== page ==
There can't be art without "artist's block"! The project you are working on is always more difficult and less appealing than the one you'd like to start on instead! I think the key to motivation is to set yourself achievable goals - if you do you will find that the goal posts really do move, and in your favour. There are a few tricks worth trying to keep a project going such as stepping right back from your work and viewing from a distance. A college tutor of mine many years ago would produce a minimising glass from his pocket - it was quite literally a reverse magnifier, and your design would appear as if viewed the wrong way through binoculars. The same tutor suggested turning your design upside down which was almost akin to seeing it for the first time. Taking a fresh view of your work like this might save having to put it away for a spell, but if you do that it is surprising how it can look not so bad after all, and how any problem areas become more easily dealt with. I find it is worth having all the information to hand right from the start, so that I'm not struggling to plan my piece. We are spoilt for choice when it comes to information and picture references available online. But perhaps my best motivation is in being part of an artistic partnership. Such a relationship is a great boost to both individuals, and I know that in that respect I am extremely lucky. Meeting up with an art club, joining a sketching group or attending a life drawing class has worked well for me too, and all interaction with other artists broadens your outlook and can quickly lead you on to new ideas.
 
What's your development process for your designs, if any?
My sketchbook is my constant companion, and the springboard of my design ideas. I can recall instances of seeing quilt designs quite suddenly jumping out at me when seeking them on a holiday or exploration. Otherwise, browsing back through my sketchbooks, all hopelessly non-catalogued and organised in spectacular disarray, serendipitously brings other ideas back to mind. But my actual design process is more structured, and I can be somewhat painstakingly methodical in my approach to preparing what i call a "blueprint" for a final piece of studio quilt work. I suppose that stems from my design and production for print or manufacturing background, almost as if I were commissioned to plan something for others to make. In the same way that I would design in accordance with a production process, I design in respect of what materials are in my stash or may be easily obtained, and bearing in mind the practical issues of cutting and stitching fabric. For quilt design, colour paper has proved to be an effective planning medium, as a good way of trialling colour and tonal values together in the form of a collage.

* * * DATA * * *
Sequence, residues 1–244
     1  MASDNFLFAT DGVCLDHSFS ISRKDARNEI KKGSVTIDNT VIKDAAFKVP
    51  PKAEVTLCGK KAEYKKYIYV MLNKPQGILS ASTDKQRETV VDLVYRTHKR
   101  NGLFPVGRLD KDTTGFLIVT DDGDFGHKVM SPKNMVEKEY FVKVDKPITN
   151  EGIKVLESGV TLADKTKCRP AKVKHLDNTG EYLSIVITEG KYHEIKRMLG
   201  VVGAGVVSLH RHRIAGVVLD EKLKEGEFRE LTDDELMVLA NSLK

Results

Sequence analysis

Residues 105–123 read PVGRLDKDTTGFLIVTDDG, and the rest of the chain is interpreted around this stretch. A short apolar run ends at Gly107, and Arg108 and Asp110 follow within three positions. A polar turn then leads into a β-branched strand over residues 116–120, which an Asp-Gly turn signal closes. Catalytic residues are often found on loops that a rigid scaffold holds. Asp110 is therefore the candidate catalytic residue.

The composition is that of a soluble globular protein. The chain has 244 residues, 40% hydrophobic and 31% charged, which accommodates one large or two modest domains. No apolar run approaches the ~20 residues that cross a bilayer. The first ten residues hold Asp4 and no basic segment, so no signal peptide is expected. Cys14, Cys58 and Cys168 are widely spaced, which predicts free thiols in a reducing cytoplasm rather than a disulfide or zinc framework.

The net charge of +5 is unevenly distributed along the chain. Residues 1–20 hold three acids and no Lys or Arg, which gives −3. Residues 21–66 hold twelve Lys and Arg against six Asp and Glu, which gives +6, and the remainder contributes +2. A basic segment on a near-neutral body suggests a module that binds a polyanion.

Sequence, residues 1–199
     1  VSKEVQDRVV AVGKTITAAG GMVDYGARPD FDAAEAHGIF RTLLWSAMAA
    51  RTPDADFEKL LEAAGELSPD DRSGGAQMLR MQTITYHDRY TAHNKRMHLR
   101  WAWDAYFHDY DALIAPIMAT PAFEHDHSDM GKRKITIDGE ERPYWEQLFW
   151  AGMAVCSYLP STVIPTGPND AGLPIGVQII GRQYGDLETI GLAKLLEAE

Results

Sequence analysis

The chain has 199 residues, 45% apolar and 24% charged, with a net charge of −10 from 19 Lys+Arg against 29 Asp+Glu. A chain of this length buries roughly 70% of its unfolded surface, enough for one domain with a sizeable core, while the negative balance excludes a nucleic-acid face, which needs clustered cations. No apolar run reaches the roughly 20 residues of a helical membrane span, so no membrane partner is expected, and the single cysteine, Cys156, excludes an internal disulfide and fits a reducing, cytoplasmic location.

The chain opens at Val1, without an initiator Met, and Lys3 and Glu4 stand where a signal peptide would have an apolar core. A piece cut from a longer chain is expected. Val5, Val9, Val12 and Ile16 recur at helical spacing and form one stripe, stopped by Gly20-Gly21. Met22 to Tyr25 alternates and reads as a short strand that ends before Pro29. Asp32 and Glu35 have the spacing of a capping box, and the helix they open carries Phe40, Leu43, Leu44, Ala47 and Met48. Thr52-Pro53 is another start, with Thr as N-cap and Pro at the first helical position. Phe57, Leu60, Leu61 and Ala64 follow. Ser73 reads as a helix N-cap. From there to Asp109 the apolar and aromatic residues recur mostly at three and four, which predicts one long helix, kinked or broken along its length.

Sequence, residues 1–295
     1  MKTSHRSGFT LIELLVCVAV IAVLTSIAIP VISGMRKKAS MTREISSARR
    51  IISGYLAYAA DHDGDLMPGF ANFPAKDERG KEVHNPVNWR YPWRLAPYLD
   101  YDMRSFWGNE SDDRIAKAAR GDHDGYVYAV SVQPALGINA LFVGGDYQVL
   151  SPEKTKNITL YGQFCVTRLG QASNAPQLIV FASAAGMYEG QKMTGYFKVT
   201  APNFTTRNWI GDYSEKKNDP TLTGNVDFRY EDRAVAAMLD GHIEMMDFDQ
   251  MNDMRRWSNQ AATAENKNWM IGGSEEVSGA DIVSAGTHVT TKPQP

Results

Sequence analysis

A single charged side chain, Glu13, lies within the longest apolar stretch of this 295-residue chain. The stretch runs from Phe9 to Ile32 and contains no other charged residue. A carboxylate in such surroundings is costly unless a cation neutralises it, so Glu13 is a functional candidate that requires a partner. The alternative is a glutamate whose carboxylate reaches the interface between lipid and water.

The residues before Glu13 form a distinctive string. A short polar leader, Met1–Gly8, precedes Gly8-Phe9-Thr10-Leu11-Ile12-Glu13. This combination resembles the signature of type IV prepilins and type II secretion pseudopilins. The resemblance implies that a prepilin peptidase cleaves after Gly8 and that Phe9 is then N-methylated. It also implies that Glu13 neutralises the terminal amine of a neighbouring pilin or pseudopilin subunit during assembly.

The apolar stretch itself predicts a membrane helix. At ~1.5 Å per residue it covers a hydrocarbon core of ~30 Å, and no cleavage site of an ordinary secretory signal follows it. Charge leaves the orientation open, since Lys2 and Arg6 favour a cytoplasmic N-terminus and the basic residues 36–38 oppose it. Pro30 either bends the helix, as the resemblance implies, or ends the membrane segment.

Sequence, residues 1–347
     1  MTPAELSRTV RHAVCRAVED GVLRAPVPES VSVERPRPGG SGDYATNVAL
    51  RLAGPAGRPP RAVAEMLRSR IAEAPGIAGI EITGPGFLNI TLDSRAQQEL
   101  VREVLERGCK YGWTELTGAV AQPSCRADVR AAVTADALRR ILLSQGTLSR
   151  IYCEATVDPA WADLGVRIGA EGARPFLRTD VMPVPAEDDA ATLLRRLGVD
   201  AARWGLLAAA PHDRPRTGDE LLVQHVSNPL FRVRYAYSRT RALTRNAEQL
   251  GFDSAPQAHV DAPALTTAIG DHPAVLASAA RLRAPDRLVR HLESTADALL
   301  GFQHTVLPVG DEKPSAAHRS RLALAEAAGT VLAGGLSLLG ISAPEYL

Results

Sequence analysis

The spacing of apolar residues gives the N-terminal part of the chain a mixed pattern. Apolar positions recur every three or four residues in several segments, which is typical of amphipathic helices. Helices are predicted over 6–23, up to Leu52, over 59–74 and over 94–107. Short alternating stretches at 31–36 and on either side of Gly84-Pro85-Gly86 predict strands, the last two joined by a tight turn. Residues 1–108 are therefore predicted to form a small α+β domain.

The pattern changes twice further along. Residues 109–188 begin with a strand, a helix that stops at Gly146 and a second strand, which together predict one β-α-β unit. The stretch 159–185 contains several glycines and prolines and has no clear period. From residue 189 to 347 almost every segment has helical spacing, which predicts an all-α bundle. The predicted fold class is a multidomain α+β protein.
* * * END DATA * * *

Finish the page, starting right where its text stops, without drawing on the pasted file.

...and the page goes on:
"Heart of the Highlands" By Mike Fitchett. Based on a view across Loch Eil towards Ben Nevis, this design includes elements from other location sketches including the caledonian pines and the fishing vessel sketched from our rowing boat (quilting and applique 130x98cm).
HeartOfTheHighlands
What's your favourite part of being involved in the quilting community? Any memorable moments?
The quilting community is amazing in its diversity, friendliness and inclusivity. It is quite literally the glue that bonds everyone together and the underlying reason that keeps them quilting. It gives opportunities for all skill levels and creative styles to be shared, shown and appreciated on a truly global platform. It is so important for artists of all disciplines to have the chance for their work to be seen, and the area groups, the Quilters Guild, magazines, competitions and exhibitions give everyone the opportunity to participate, and have the same thrill that I have experienced when their work has been hung and is there for all to see. To locate one of my pieces in an exhibition, and watch as others examine and photograph it - these are my most memorable moments.